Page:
At 80 knots, with the power at flight idle, the airplane descends at approximately 700 feet per minute (fpm), as shown in Figure 3-9.
Suppose, for example, you're approaching to land and need less of a descent rate to make it to the runway. What do you do? Increase your power to a higher value, say 1800 revolutions per minute (rpm), and adjust the pitch slightly to maintain 80 knots. Retrim if necessary.
Your instruments should look like those in Figure 3-10.
With this slight increase in power, the airplane descends at 300 fpm. Of course, as more power is added, the airplane will stop descending. If you give it even more power, the airplane will fly level or even start climbing at 80 knots.
At this stage of your training, it's a good time to agree on how you'll control the airplane. Power (throttle position) should be your means of adjusting the rate of descent (what the VSI reads). The airplane's pitch attitude (controlled by the joystick) is your means of maintaining a specific airspeed. In a climb, you'll always use the maximum allowable power (usually full throttle) while adjusting the airplane's attitude using the joystick for the airspeed desired. Since you're familiar with the procedure for making climbs and descents, let's combine these with the skills we developed in Lesson 2.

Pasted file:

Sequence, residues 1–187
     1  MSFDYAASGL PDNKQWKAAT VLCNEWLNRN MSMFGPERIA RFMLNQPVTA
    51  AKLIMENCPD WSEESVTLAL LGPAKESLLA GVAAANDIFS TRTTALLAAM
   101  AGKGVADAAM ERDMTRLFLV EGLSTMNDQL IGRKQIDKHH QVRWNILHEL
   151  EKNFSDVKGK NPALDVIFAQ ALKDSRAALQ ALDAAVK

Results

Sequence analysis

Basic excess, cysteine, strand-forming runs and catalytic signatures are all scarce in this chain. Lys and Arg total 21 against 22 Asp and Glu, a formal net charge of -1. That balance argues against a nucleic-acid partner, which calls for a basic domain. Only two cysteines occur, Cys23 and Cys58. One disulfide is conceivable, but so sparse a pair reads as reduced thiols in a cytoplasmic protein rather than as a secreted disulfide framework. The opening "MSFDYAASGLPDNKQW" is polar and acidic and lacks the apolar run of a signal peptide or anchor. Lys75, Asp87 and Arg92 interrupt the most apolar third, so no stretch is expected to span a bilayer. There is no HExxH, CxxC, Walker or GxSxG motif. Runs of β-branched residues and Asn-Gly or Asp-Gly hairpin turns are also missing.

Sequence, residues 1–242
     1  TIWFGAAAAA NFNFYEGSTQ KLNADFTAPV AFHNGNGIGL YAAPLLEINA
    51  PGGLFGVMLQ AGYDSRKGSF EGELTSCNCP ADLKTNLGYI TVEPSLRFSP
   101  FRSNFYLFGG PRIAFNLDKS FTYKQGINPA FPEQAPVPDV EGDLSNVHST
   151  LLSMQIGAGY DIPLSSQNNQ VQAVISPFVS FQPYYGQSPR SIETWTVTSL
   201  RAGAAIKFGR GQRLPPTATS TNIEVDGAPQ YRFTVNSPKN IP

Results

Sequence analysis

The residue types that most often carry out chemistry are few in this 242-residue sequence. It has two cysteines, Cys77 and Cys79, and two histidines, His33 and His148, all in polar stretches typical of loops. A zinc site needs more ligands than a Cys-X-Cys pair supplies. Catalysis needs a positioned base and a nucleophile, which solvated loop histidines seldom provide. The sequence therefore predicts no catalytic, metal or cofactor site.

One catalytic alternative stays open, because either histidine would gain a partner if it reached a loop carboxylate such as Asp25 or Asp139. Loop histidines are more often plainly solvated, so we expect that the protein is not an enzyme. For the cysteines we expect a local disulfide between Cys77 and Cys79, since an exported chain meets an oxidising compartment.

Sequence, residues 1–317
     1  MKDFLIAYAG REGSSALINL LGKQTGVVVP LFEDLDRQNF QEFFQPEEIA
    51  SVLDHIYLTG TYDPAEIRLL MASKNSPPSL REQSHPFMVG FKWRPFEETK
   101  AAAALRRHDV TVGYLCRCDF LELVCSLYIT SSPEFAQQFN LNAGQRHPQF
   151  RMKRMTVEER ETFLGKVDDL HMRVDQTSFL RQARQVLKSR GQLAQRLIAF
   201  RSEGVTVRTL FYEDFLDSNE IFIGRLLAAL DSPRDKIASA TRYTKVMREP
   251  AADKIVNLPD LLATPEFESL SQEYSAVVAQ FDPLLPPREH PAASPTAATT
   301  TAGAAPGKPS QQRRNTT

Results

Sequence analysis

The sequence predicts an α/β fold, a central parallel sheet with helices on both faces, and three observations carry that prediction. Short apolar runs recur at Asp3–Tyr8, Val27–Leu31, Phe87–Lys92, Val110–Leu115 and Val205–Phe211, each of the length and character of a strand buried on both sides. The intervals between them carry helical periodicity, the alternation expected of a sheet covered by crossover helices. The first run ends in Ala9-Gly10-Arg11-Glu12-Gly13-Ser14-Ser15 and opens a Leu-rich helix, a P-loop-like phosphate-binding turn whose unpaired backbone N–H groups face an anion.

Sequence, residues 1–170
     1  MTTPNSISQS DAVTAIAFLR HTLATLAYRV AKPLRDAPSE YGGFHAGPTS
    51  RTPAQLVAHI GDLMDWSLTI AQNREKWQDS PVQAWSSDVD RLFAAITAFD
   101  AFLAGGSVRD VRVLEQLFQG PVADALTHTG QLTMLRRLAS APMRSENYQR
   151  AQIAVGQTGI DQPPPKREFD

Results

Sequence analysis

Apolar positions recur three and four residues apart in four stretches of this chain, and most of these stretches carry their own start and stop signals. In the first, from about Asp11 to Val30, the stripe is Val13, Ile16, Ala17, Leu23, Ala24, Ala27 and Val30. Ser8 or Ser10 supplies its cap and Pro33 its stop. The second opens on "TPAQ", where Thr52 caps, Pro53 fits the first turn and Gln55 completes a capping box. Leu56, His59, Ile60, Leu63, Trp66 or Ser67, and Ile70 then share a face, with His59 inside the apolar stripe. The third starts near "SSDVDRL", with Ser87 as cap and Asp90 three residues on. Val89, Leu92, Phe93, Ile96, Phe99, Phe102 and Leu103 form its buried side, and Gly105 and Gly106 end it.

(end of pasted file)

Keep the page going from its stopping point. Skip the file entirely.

Reading the Altimeter
Figure 3-14 shows a typical altimeter found in most airplanes.
It has two hands, and a dot that representing the airplane's height in tens of thousands of feet. The shorter, thicker hand represents altitude in thousands of feet. The long, thin hand represents the airplane's altitude in hundreds of feet.
The easiest way to read an altimeter is to read it just like you would a clock. For instance, if Altimeter A in Figure 3-14 were a clock, what time would it read? Yes, it would read 3 o'clock. Since Altimeter A isn't a clock, it shows an altitude of 3,000 feet. The long (hundreds) hand points to zero hundred feet, and the medium (thousands) hand points to 3,000 feet.
If Altimeter B were a clock, what time would it say? It would read 3:30, or half past 3 o'clock. As an altimeter, it reads half past three thousand, or 3,500 feet. The long (hundreds) hand points to 500 feet, and the medium (thousands) hand points to between 3,000 and 4,000 feet. Thus, the altitude is 500 feet past 3,000 feet (3,500 feet).
What time would it be if Altimeter C were a clock? It looks like it would be somewhere around a quarter to seven. More precisely, the long (hundreds) hand shows 800 feet, and the medium (thousands) hand points a little shy of 7,000 feet. Therefore, the altimeter reads 800 feet past 6,000 feet (6,800 feet). Not too tough, is it?